Ralph Ellis has changed his mind twice about the Lions' chances in New Zealand but says giant Maro Itoje has become the reason to gamble on Warren Gatland's men this weekend.
"If the Lions are going to win it will be close, and a winning margin of between one and 12 points at [6.4] would be a way to enhance the odds if you want to back the tourists."
Maro Itoje has got an 'A' grade A-Level in statistics, so it might be worth starting with these: nine carries, 14 tackles, in both cases the most of any Lions player against New Zealand in Wellington last Saturday morning.
Then let's throw in a few more: Premiership A League champion, Under-20 World Cup winner, LV Cup champion, Aviva Premiership champion twice, Champions Cup winner twice, European Player of the Year for 2016, World Breakthrough Player of the Year for 2016, Six Nations champion, Six Nations Grand Slam champion.
And here's another one: Six appearances against New Zealand in New Zealand at various international levels and six victories.
In short at the tender age of 22 he's already done more than most manage in an entire rugby career but this Saturday comes the chance to eclipse the lot - the chance to be the hero of a British Lions series win in New Zealand.
You can't escape the fact that the Lions' dramatic win that levelled the series was achieved against 14 men. It's why the All Blacks remain [1.27] favourites to win the third Test and the series.
But it is one of those head versus heart weekends, and if there is one single reason to make you feel it's worth taking the opposite gamble and backing the Lions at [5.1] then it's the dramatic impact made by the giant Saracens lock when Warren Gatland finally brought him into the starting line-up last week.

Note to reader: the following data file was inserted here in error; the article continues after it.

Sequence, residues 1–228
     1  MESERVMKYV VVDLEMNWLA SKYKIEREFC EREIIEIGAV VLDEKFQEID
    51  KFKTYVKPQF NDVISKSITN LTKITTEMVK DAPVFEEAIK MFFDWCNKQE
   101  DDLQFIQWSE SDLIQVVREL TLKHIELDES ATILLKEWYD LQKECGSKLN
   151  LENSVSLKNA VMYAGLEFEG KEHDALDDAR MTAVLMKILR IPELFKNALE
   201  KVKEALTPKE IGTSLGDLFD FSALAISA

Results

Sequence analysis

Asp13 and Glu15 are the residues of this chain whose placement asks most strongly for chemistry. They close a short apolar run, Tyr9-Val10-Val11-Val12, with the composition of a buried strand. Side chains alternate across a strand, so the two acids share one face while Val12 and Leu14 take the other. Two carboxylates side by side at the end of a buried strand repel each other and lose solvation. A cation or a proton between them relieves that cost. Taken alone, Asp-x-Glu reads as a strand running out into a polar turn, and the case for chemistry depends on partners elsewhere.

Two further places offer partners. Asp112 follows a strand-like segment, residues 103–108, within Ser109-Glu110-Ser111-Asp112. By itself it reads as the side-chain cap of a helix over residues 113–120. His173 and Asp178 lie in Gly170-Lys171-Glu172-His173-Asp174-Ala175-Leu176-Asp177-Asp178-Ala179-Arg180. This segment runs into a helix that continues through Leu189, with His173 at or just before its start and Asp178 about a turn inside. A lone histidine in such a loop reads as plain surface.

Itoje, who didn't start playing rugby seriously until he was 16, is simply a force of nature. He's a player who is a serial winner, and not just because he's been playing for top teams at Saracens and with England. He does more than most to turn those teams into winners.
Think about this for another statistic. Starting in May of 2015 he went through an 18 month spell in which he won every match he started for club and country. All 31 of them. In a brutal, physical sport that's an astonishing record.
While the red card for Sonny Bill Williams was a crucial turning point in Wellington, Itoje was already stamping out his ground in the forward battle. His ferocious approach meant that Brodie Retallick and Sam Whitelock could not dominate in the scrums like they did in the first Test.
Those two will be going into the decider knowing they have a battle on their hands, and Itoje will have the upper edge mentally when the Haka is over and the first whistle blows on Saturday morning.
If the Lions are going to win it will be close, and a winning margin of between one and 12 points at [6.4] would be a way to enhance the odds if you want to back the tourists.
They have to stop giving away cheap penalties - 13 was far too many last week - and they have to match the physicality of an All Blacks side which will be bursting for revenge, just as they were in Dublin last Autumn a few months after losing to Ireland.
But in the giant, 6ft 6ins figure of Itoje they have found a man to lead them and history beckons.